NAME: Jonathan Marcantoni
HERITAGE: “Boricua de pura cepa” (true Puerto Rican)
HOMETOWN: Tampa, Florida now living in Colorado
OCCUPATION/TITLE: Publisher and author
Jonathan Marcantoni is a Puerto Rican novelist and publisher of the recently created La Casita Grande Editores, an imprint of Black Rose Writing, which specializes in Latino and Caribbean literature. His books “Traveler’s Rest,” “The Feast of San Sebastian,” and “Kings of 7th Avenue” deal with issues of racial politics and corruption in both the Puerto Rican diaspora and on the island. “Tristiana,” due out in 2017, will be his first Spanish-language novel. Marcantoni’s work has been featured in the magazines Warscapes, Across the Margin, Minor Literatures, PANK, and the news outlet Latino Rebels. He holds a B.A. in Spanish Studies from the University of Tampa and a Master of Humanities in creative writing from Tiffin University.
What sort of stories do you want to enable?
The biggest challenge in the Latino publishing scene is getting stories that go outside of immigration, identity and the American dream narrative, which is what Latino authors are stuck in. It seems like the big publishers feel that if you tell a story it has to include one of these three things because you’re really writing for a white audience. As a result there aren’t so many science fiction, crime or romance novels that are geared towards a Latino audience that kind of stand on their own as genre works.
They do exist but more often than not they’re coming out of the small presses, not the top five publishers – and those top publishers are looking for literary novels, not just stories about life and humanity. They are looking for Latino authors that are telling about their particular identity so you end up getting a lot of the same stories.
I want to find crazy surrealist novels and Indiana Jones-type novels set in Puerto Rico and I was able to find writers telling stories not expected from Latinos. We give them that space because we’re not bound by the pressure that the publishing industry puts on writers of color to fit narratives that are comfortable for white audiences. We want to give writers an outlet so that they can be different and not have to write stories about where they’re from but that focus on the writer’s imagination and appeal to universal themes.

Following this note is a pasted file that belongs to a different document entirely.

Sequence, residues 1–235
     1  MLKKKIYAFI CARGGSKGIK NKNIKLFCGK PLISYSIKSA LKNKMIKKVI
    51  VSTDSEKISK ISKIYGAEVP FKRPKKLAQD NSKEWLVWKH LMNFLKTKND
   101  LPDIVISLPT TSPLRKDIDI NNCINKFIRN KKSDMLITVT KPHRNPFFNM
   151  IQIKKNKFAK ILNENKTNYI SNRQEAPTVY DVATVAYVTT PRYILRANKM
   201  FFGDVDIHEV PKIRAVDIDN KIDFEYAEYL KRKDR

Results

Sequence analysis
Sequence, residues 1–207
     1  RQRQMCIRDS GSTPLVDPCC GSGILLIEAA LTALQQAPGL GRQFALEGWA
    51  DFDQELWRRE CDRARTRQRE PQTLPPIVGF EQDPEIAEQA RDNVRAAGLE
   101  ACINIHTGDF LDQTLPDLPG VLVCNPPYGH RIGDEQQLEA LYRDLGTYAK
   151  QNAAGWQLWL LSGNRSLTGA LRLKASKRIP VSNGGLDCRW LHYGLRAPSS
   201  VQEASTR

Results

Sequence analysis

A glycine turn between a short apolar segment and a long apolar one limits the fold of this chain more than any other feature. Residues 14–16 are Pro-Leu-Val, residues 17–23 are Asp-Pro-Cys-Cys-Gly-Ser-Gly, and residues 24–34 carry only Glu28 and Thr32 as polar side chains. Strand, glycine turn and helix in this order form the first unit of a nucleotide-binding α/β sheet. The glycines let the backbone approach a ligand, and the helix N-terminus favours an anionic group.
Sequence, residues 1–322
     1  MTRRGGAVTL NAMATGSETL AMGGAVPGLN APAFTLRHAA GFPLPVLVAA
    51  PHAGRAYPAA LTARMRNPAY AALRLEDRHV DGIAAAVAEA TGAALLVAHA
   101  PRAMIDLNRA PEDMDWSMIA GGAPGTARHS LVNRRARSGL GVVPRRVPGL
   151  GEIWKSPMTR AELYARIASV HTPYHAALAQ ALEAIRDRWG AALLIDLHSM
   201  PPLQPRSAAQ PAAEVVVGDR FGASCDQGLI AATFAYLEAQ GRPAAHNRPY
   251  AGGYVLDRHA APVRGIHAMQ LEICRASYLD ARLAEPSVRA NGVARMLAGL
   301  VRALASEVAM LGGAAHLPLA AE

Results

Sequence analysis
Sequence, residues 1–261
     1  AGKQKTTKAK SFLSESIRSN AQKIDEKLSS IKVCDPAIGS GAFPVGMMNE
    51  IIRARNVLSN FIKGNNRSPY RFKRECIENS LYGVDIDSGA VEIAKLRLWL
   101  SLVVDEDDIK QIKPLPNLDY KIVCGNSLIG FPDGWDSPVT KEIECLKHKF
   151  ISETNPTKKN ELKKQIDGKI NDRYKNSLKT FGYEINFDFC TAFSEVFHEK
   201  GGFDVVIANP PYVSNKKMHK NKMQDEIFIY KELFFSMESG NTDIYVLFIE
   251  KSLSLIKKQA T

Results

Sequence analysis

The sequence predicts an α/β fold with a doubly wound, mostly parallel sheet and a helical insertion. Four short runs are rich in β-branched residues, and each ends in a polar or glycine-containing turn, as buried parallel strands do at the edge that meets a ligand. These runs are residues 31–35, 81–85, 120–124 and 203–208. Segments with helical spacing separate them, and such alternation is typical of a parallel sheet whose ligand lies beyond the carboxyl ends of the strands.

Tell us about how La Casita Grande emerged.
While I was in publishing I got to speak with a lot publishers who were bigger than us and learned what shortcomings most writers have that no one is helping them fix: Things like setting up their own personal websites, their social media presence, booking interviews, securing reviews and understanding how to set up and conduct events. A lot of writers just stick to bookstores but there’s more to it.
I thought it would be great to have a publishing house that went beyond just signing them up, doing the editing and releasing the book and have those services be a part of the author’s contract. So I pitched the idea to Black Rose Writing because I knew they were expanding and they loved the entire concept.
You’ve written your own books but are focusing on publishing now, what called you to it?
I graduated in 2009 and basically all my plans went out the window because of the economic crisis. I sought out editing jobs but the big houses either didn’t want to pay or weren’t hiring. I found a job in Hawaii editing as a freelancer and did it in a company structure. I found I got a great deal of pleasure helping writers fulfill a lifelong dream. When writers finally get published by a company, they get the validation they were seeking. I got to be their champion and push them in a way they wouldn’t have pushed themselves on their own.
How did you get your start in writing?
I was always interested in writing, partly because of my father. He was a big storyteller, he’d make up bedtime stories at night and make up characters and I picked that up from him. I started writing theater pieces at age 6 and started acting then by age 8 I started writing plays.
As I got older I got into underground literature and experimental theater. My friends and I found that there was not a lot of opportunity to do theater in our community and have good roles so we’d write these plays to have roles. We’d film ourselves and put shows on in houses, we’d go to parks and other public places.
I graduated from high school and then went to film school in Atlanta but that didn’t last very long. I was on my own, I was 19 and got my first paid writing gig and I saw that with writing I could at least make something of a living, whereas holding several jobs while doing film and theater was more demanding. That’s what led to just writing and started leading to more short stories and then books.
What advice do you have for writers who are looking to get published and get their work out to audiences?
First, the biggest thing I would say is: Get to know people.
Do go out and network, get to know publishing houses, get to know these cultures, get to know editors as people; the more you build real relationships, the more doors will open to you.
Most writers think they get exposure by shoving their writing into someone else’s face but editors and publishers are real human beings; we want to make real personal connections. You have to understand that the people who have the power to open doors for you —they are so used to someone wanting something from them. So you have to get to know people. Build up personal networks and they can lead to creative networks, it really does pay off.
And second, if you’re one of those writers inspired to be published, reach out to me; I am more than happy to set you on the right path.
Esther J. Cepeda is a Chicago-based journalist and a nationally syndicated columnist for The Washington Post Writers Group. Follow her on Twitter, @estherjcepeda